The colonial period must be studied by scientists in an international historical context, Prime Minister Charles Michel noted on Tuesday, adding that Parliament had the capacity to take initiatives in that regard. He did not comment on the idea that Belgium should apologise for its colonial past, as a UN committee of experts has suggested, but reiterated that he was puzzled by that committee’s methodology.
“We think scientists, academics need to play a leading role, analyse this part of our history objectively, rigorously and calmly,” he said at a meeting of the Chamber’s Interior Commission. “Belgium’s colonial era is part of our history, just as the colonial period is part of the history of other countries. It goes without saying that this history needs to be placed in a much broader historical context.”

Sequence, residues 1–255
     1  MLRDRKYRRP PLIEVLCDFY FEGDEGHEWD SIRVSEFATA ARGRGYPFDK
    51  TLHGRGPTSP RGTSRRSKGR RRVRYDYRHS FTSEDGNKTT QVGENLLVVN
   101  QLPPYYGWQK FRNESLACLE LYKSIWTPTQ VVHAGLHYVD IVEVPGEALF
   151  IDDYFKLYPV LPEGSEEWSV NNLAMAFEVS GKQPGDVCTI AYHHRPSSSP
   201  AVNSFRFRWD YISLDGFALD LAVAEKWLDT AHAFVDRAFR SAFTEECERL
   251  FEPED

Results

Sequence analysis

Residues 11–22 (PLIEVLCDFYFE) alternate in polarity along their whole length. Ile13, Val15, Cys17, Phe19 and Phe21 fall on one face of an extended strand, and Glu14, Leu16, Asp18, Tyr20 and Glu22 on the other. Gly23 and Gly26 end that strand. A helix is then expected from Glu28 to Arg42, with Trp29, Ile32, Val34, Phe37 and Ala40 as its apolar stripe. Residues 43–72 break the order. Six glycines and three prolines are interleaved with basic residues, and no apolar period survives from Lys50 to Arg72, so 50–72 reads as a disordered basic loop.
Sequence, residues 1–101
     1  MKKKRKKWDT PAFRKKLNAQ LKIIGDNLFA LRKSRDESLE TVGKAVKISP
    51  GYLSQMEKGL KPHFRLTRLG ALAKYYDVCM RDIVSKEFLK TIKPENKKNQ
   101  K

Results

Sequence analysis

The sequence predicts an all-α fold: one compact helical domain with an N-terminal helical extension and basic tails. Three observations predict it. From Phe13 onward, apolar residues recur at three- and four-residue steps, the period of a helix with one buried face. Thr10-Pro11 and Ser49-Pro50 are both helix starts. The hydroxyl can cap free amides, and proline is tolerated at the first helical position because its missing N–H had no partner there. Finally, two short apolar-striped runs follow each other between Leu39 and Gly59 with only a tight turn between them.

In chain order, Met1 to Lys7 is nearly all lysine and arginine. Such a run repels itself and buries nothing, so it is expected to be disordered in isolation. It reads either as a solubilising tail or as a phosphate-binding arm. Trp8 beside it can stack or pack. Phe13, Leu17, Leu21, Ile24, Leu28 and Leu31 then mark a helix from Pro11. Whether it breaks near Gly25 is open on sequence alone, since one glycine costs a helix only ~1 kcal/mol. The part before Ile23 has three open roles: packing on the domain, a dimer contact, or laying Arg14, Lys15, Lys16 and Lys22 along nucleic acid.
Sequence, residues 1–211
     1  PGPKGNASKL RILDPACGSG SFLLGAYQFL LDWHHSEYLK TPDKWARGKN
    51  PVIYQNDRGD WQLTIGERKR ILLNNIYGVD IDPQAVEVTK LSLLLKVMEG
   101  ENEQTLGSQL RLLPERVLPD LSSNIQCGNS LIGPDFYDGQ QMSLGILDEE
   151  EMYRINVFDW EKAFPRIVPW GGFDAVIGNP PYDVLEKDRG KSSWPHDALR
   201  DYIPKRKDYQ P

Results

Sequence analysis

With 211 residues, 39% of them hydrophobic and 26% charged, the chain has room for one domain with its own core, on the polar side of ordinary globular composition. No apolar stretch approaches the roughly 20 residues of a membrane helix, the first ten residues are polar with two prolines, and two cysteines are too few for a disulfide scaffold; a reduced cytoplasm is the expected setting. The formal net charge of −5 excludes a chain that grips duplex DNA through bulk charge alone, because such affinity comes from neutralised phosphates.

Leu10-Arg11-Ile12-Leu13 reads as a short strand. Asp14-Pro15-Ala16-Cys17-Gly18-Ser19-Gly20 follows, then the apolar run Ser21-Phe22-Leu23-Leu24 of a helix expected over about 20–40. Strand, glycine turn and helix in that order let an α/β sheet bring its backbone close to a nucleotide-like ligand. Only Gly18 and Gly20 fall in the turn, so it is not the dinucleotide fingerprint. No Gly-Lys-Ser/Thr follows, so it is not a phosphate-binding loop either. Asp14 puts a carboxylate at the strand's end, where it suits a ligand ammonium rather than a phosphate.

Michel was responding to questions from parliamentarians Gwenaëlle Grovonius (Socialist Party) and Véronique Waterschoot (Ecolo) recalling pending initiatives at the Chamber aimed at creating a scientific framework for political debate on the country’s colonial past.
Ms Grovonius mentioned a PS amendment to a resolution by Mouvement Réformateur parliamentarian Richard Miller on the restitution of colonial works while Ms. Waterschoot referred to a bill by the Ecologists that is to be examined by the Commission on 13 March.
The Ecolo bill is aimed at initiating research on the role of the State in colonization with a view to generating a political discussion. “Just five minutes of political courage” are needed, said the Ecolo parliamentarian, who added that adopting the draft before the end of the current legislature would enable the incoming government to take it up as soon as it is formed.